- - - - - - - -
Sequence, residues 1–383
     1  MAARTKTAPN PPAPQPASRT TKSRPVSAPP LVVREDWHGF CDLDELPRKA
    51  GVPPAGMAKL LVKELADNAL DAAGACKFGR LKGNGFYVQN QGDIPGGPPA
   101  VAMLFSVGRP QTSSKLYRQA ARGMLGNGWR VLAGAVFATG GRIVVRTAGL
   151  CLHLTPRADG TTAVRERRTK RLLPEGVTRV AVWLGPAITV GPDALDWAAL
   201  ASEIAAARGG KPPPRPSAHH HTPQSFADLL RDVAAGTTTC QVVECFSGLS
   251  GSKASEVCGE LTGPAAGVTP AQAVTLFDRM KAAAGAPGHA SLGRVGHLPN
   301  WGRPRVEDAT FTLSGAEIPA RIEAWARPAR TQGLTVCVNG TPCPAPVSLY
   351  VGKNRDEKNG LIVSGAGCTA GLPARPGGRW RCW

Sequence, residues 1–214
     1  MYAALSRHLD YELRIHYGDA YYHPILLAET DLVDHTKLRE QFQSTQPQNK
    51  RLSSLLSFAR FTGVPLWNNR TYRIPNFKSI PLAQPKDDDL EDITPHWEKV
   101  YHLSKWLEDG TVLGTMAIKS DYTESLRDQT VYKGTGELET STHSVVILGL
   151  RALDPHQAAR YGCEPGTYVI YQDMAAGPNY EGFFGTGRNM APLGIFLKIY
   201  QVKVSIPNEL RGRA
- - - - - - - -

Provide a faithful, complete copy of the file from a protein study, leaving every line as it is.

Sequence, residues 1–383
     1  MAARTKTAPN PPAPQPASRT TKSRPVSAPP LVVREDWHGF CDLDELPRKA
    51  GVPPAGMAKL LVKELADNAL DAAGACKFGR LKGNGFYVQN QGDIPGGPPA
   101  VAMLFSVGRP QTSSKLYRQA ARGMLGNGWR VLAGAVFATG GRIVVRTAGL
   151  CLHLTPRADG TTAVRERRTK RLLPEGVTRV AVWLGPAITV GPDALDWAAL
   201  ASEIAAARGG KPPPRPSAHH HTPQSFADLL RDVAAGTTTC QVVECFSGLS
   251  GSKASEVCGE LTGPAAGVTP AQAVTLFDRM KAAAGAPGHA SLGRVGHLPN
   301  WGRPRVEDAT FTLSGAEIPA RIEAWARPAR TQGLTVCVNG TPCPAPVSLY
   351  VGKNRDEKNG LIVSGAGCTA GLPARPGGRW RCW

Sequence, residues 1–214
     1  MYAALSRHLD YELRIHYGDA YYHPILLAET DLVDHTKLRE QFQSTQPQNK
    51  RLSSLLSFAR FTGVPLWNNR TYRIPNFKSI PLAQPKDDDL EDITPHWEKV
   101  YHLSKWLEDG TVLGTMAIKS DYTESLRDQT VYKGTGELET STHSVVILGL
   151  RALDPHQAAR YGCEPGTYVI YQDMAAGPNY EGFFGTGRNM APLGIFLKIY
   201  QVKVSIPNEL RGRA